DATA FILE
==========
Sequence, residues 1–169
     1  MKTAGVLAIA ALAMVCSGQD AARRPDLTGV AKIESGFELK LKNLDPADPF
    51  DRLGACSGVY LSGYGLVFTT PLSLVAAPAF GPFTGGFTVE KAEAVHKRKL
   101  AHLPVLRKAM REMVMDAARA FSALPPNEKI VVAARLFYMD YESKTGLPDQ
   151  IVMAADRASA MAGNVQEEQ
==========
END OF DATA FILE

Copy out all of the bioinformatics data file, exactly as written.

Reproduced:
Sequence, residues 1–169
     1  MKTAGVLAIA ALAMVCSGQD AARRPDLTGV AKIESGFELK LKNLDPADPF
    51  DRLGACSGVY LSGYGLVFTT PLSLVAAPAF GPFTGGFTVE KAEAVHKRKL
   101  AHLPVLRKAM REMVMDAARA FSALPPNEKI VVAARLFYMD YESKTGLPDQ
   151  IVMAADRASA MAGNVQEEQ